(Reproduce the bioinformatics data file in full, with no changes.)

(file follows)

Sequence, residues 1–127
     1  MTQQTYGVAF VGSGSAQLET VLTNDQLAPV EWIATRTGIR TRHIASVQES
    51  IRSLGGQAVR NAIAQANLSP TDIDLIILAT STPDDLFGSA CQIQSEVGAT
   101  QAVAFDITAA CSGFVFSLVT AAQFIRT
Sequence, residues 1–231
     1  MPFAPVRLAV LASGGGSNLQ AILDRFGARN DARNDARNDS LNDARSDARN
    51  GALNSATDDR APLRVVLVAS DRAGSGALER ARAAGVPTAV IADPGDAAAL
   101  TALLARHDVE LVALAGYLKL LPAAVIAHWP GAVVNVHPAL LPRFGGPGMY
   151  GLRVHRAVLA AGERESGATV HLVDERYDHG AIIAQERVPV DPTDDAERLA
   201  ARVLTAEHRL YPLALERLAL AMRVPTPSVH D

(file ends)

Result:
Sequence, residues 1–127
     1  MTQQTYGVAF VGSGSAQLET VLTNDQLAPV EWIATRTGIR TRHIASVQES
    51  IRSLGGQAVR NAIAQANLSP TDIDLIILAT STPDDLFGSA CQIQSEVGAT
   101  QAVAFDITAA CSGFVFSLVT AAQFIRT
Sequence, residues 1–231
     1  MPFAPVRLAV LASGGGSNLQ AILDRFGARN DARNDARNDS LNDARSDARN
    51  GALNSATDDR APLRVVLVAS DRAGSGALER ARAAGVPTAV IADPGDAAAL
   101  TALLARHDVE LVALAGYLKL LPAAVIAHWP GAVVNVHPAL LPRFGGPGMY
   151  GLRVHRAVLA AGERESGATV HLVDERYDHG AIIAQERVPV DPTDDAERLA
   201  ARVLTAEHRL YPLALERLAL AMRVPTPSVH D